Daily Archives: April 6, 2014

Sparks

Day 12: New York City
The Bowery Electric

New York City shows are always some of the most hectic for us. On top of the normal issues that are inherent with playing gigs in the city, the guys also have the added dynamic of having to split their attention with their significant others and families. And rightfully so, seeing that we are on the road so much.

Adam and I started our day in White Plains 3 hours after we got there. The bottom step of our bus and also the tail pipe have both been in need of some attention, so while we had the bus up at Root’s place we capitalized on the chance to put a band-aid on them. We also used this time to take care of our laundry.

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The welding took up the whole morning, and soon it was time to shove off. We made our way down to the city, doing our best to avoid the minefield of abundant potholes that cover the streets of New York.

When we got down to the venue there was a movie being shot right across the street. That meant that parking, which is already a ridiculous experience in the city, was that much more of a pain. We circled the surrounding blocks countless times, like vultures waiting to swoop in at first opportunity. Giving up for the time being, we parked at the edge of an intersection, unloaded our gear, and then Nate took over the search. After he found a place to weigh anchor, the guys set up for soundcheck.

On this tour, Miggs and Open Air Stereo are co-headlining, which means that whoever is headlining that night get the opportunity for a full soundcheck. The rest of us get a quick line check, which is a sped up version of a soundcheck. Being that this show was our hometown album release party, we were given the headlining slot, with the longer soundcheck. Once they were done, getting all their levels correct, the guys headed off to an interview.

Gail, the head of our street team, had flown in for the show, so I went with her and some of the band girlfriends to grab some dinner. Afterwards, we headed into the venue for the show.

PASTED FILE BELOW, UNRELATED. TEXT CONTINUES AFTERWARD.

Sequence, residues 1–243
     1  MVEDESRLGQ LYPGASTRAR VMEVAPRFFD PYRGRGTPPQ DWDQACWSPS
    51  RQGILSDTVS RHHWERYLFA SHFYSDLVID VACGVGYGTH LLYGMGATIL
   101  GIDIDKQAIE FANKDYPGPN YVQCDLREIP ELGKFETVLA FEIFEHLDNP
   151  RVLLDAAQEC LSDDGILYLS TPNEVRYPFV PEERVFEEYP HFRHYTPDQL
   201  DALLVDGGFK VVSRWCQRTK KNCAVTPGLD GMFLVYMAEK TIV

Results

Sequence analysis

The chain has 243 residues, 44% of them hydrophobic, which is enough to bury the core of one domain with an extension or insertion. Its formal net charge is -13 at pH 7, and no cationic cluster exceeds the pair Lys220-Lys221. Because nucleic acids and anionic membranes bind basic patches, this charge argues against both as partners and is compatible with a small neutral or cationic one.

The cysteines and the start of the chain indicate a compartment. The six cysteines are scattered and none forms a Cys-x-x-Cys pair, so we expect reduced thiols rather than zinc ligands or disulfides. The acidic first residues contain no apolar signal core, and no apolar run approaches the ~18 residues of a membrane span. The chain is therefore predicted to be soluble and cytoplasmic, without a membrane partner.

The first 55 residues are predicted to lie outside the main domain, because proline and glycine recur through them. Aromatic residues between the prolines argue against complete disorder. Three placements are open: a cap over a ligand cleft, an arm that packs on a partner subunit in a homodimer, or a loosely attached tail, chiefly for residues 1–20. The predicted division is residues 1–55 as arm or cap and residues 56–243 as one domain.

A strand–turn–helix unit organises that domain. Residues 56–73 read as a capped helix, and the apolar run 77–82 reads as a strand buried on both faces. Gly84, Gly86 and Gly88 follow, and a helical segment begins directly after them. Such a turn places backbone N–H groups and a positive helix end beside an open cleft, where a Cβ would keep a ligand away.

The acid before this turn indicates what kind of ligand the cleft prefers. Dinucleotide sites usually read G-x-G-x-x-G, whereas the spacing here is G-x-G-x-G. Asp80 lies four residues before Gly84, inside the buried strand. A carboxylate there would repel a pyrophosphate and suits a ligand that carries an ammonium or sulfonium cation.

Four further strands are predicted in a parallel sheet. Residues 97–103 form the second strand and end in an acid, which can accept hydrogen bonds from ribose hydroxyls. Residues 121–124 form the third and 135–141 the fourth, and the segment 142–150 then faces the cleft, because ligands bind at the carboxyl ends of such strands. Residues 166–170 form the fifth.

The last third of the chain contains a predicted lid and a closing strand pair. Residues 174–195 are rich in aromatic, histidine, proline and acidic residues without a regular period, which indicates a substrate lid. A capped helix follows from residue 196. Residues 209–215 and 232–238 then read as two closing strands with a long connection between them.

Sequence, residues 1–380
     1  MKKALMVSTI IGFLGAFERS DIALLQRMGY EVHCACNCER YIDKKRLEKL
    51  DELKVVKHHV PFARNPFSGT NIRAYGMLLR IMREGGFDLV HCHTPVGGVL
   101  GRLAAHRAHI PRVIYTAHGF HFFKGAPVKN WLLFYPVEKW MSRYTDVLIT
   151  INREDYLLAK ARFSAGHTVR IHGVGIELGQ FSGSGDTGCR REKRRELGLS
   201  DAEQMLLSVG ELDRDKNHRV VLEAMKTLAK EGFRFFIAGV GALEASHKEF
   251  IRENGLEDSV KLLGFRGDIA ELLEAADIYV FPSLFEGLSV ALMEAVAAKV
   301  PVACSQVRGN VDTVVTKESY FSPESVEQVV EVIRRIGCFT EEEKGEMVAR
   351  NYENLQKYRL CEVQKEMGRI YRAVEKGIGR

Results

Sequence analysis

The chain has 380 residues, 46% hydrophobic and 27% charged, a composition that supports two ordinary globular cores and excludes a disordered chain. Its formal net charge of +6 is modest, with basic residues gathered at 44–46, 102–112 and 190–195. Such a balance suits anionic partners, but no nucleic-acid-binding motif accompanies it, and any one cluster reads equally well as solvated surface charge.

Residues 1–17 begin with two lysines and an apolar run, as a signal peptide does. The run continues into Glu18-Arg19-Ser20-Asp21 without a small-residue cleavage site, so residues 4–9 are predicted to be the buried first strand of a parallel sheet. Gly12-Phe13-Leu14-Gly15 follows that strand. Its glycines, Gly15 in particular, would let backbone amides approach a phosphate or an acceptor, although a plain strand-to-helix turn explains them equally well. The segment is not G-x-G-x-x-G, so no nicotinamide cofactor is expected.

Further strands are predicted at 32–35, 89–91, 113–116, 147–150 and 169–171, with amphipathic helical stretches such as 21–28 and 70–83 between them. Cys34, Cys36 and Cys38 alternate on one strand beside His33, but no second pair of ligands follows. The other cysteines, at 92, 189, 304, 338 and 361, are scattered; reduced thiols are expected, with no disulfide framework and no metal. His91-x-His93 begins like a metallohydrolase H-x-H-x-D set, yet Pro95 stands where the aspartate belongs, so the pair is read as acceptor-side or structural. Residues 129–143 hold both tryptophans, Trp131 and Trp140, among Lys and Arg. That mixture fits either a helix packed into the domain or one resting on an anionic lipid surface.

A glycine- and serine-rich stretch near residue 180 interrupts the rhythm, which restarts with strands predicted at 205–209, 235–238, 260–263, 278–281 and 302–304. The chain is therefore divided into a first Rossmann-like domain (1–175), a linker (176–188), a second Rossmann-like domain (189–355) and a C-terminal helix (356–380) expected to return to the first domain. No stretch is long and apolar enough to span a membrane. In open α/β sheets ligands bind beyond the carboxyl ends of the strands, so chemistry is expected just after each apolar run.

The Bowery Electric is a narrow venue, so once the show started there wasn’t much room to move about. To get from one end of the bar to the next was at least a 5 minute trek of excuse me’s and push throughs. The club is well aware of that so they had a camera set up pointed at the stage, that fed to tv screens above the bar.

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Some unforeseen circumstances led to the departure of our Merch girl, meaning that I was sentenced to the booth. (Ok, it’s not so bad… It’s just that I’m not used to being tied to one area all night… And I miss the light board!)

After the show everyone went back to their homes, and Gail and I went to Nate’s. The lack of sleep the night before got the best of me and I passed out faster than a hemophobic at a slaughterhouse.

Can You Feel It In Your Belly Come On

Day 11: Manayunk, PA
The Grape Room

Just outside of Philadelphia, Manayunk, Pennsylvania is an interesting little town. After our morning routine, the GPS brought us down into the town on the strangest roads. It didn’t keep us on the main road into the center, instead we found ourselves careening down steep hills on very narrow streets, that, with the parked cars that lined the curbs were BARELY wide enough for two cars to pass each other, let alone our bus and a car.